peter gotch  
#8 Posted : 24 February 2021 13:43:03(UTC)
Rank: Super forum user
peter gotch

dennish

Agree one should read the regulations which say

“work-related accident” means an accident arising out of or in connection with work.

The regulations do not add all the other stuff that you have quoted from HSE's guidance.

It's for the Courts to decide on how to interpret the regulations. There are plenty of reasons why HSE might choose to interpret RIDDOR so as to discourage the reporting of accidents which are of little interest to them and merely up the numbers.

chris42  
#9 Posted : 24 February 2021 14:18:20(UTC)
Rank: Super forum user
chris42

The regulations in Reg 2 have :

“work-related accident” means an accident arising out of or in connection with work.

(2) In these Regulations, any reference to a work-related accident or dangerous occurrence includes an accident or dangerous occurrence attributable to—

(a)the manner of conducting an undertaking;

(b)the plant or substances used for the purposes of an undertaking; or

(c)the condition of the premises used for the purposes of an undertaking or any part of them.

Chris

peter gotch  
#10 Posted : 24 February 2021 14:53:00(UTC)
Rank: Super forum user
peter gotch

Tut, tut - my mistake! But of course the second definition has the word "includes". That means that other things might fall within the overall definition and, like some others who have commented on this thread, in my view the accident as described is reportable.

Brian Hagyard  
#11 Posted : 25 February 2021 08:37:41(UTC)
Rank: Super forum user
Brian Hagyard

Once apon a time the HSE used to produce ACOPs which had a quasie legal standing and helped us mear mortals interprit regulations. But the RIDDOR one was got rid of in the purge against "red tape" when the 1993 regs were published. Sadly the web site information does not have quit the same weight.

Peter is quit right that only the courts can decide for sure - but as the HSE/LA enforcement officers who would take the case then i think the HSE advice is relvant.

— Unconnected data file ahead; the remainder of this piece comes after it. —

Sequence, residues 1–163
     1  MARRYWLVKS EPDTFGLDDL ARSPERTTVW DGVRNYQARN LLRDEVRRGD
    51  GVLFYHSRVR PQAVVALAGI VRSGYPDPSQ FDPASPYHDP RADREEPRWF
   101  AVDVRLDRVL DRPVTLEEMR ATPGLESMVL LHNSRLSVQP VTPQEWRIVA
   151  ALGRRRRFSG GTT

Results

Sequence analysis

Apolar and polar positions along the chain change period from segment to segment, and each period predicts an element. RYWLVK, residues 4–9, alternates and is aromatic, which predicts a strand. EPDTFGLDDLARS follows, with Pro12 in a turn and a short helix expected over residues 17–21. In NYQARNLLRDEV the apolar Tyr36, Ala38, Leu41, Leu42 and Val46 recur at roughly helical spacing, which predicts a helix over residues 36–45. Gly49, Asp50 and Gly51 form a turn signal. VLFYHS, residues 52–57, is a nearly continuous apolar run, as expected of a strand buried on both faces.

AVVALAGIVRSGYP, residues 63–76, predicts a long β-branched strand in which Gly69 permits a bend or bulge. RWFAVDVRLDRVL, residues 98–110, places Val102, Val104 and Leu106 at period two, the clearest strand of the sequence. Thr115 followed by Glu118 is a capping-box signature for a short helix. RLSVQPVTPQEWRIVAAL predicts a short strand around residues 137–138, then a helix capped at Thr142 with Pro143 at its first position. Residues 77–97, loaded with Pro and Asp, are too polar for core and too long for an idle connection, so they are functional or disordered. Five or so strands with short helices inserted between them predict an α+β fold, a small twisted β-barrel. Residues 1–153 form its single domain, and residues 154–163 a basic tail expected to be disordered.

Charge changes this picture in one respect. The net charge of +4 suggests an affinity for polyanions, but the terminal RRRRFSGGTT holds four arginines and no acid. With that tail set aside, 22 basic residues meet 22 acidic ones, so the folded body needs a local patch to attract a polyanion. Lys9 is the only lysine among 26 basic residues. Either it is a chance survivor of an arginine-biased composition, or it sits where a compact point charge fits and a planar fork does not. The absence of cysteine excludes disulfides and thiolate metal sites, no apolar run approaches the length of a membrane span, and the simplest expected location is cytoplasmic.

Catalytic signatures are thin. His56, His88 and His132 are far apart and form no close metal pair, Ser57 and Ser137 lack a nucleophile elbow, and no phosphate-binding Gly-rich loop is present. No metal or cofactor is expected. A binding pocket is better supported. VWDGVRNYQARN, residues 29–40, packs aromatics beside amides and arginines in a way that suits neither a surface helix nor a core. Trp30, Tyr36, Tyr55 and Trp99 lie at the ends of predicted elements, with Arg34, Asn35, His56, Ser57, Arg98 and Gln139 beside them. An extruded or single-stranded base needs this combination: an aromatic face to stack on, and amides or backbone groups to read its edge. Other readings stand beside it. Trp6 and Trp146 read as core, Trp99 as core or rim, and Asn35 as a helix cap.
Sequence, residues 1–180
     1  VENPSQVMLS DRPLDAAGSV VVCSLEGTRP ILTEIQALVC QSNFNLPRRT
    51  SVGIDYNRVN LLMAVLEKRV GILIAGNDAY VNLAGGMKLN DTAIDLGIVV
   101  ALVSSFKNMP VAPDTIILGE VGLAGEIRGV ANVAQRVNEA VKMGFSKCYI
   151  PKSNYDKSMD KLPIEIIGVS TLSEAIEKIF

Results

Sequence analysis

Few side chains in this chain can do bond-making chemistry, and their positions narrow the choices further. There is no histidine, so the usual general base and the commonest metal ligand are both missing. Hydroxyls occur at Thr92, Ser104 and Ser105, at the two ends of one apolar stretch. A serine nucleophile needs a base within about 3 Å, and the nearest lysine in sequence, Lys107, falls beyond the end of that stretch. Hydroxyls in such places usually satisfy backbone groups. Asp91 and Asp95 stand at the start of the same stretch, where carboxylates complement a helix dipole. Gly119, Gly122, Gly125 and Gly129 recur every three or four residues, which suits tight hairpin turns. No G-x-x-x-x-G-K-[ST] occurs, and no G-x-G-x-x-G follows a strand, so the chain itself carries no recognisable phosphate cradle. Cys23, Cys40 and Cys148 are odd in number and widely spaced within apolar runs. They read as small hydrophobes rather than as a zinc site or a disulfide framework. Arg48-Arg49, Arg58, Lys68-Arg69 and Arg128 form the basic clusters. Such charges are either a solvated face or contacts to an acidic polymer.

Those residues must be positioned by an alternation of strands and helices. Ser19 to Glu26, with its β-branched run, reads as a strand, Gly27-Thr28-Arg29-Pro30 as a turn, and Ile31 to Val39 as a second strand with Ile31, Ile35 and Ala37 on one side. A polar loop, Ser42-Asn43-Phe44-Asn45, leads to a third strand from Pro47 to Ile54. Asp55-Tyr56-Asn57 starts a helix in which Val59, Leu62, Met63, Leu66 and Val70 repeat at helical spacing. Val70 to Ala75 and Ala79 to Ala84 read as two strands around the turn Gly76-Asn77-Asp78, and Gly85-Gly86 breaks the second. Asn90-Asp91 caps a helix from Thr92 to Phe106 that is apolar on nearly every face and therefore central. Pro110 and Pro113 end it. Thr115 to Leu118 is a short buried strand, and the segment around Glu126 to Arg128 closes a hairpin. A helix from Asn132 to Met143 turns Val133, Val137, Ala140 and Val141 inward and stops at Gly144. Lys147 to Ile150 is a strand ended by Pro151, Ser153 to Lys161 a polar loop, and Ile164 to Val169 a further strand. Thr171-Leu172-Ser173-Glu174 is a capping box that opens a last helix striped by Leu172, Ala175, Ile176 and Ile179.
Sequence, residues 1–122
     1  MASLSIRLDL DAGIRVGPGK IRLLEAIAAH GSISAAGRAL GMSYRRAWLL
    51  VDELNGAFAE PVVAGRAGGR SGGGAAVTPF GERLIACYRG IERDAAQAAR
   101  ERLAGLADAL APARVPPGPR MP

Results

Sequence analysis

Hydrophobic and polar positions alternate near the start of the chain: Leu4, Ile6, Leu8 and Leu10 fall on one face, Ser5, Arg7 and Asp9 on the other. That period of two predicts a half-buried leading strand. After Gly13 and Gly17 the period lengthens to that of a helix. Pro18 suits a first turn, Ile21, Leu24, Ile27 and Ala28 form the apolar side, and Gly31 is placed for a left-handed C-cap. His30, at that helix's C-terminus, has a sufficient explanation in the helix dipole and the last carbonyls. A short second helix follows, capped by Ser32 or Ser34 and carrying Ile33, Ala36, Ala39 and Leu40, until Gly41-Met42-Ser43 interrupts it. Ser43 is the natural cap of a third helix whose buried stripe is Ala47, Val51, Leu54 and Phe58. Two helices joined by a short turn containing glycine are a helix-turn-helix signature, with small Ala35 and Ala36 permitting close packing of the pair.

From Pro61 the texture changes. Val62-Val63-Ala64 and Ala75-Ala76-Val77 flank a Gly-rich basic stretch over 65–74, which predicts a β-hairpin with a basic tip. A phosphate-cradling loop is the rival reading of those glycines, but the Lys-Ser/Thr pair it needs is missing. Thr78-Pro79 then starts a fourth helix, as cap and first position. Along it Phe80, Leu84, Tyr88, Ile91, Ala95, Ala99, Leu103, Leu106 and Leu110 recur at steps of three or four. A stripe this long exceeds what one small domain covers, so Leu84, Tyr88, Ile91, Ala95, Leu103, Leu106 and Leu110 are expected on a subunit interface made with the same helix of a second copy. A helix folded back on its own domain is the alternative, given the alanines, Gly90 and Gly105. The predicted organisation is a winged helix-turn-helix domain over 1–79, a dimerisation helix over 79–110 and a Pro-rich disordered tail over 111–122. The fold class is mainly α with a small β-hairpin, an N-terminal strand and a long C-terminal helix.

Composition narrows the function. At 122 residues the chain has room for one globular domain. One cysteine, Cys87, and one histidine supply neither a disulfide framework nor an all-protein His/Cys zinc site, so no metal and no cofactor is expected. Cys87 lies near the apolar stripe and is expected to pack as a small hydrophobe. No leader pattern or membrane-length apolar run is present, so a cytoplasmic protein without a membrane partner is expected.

Its unlikley that a case world ever be taken just for none reporting - it would not pass the public interestr test. In my experiance as an inspector for 30 years i certainly dont remember one. It was only ever added as an additional charge when we found out about seriouse injuries late in the day.

From the information supplied, i.e. someone has fallen over work equipment in the workplace - I belive this incident is workrelated and if the other factors are met (i.e. major injury or 7 day unable to do normal duties) it is reportable.

thanks 1 user thanked Brian Hagyard for this useful post.
Ajolie19 on 25/02/2021(UTC)
A Kurdziel  
#12 Posted : 25 February 2021 09:34:48(UTC)
Rank: Super forum user
A Kurdziel

This falls in the realms of “pure compliance” that is a breach of the law where all that was broken was rule that required some sort of action. The HSE policy , from what I have seen of it is that such breaches are only pursued if  they have lead, or could lead to an actual accident. For example an employee is injured at work and the company try to cover it up by not reporting under RIDDOR, you would get done under the RIDDOR regs for that. Forgetting to report a trip which led to a twisted ankle, would not attract any attention. The thing about RIDDOR, which in my humble opinion gets H&S people hot under the collar is that organisations use it as metric for KPI’s etc. They also have to submit “number of RIDDORS in the last 5 years etc” for pre-qualification questionnaire, which is another source of angst.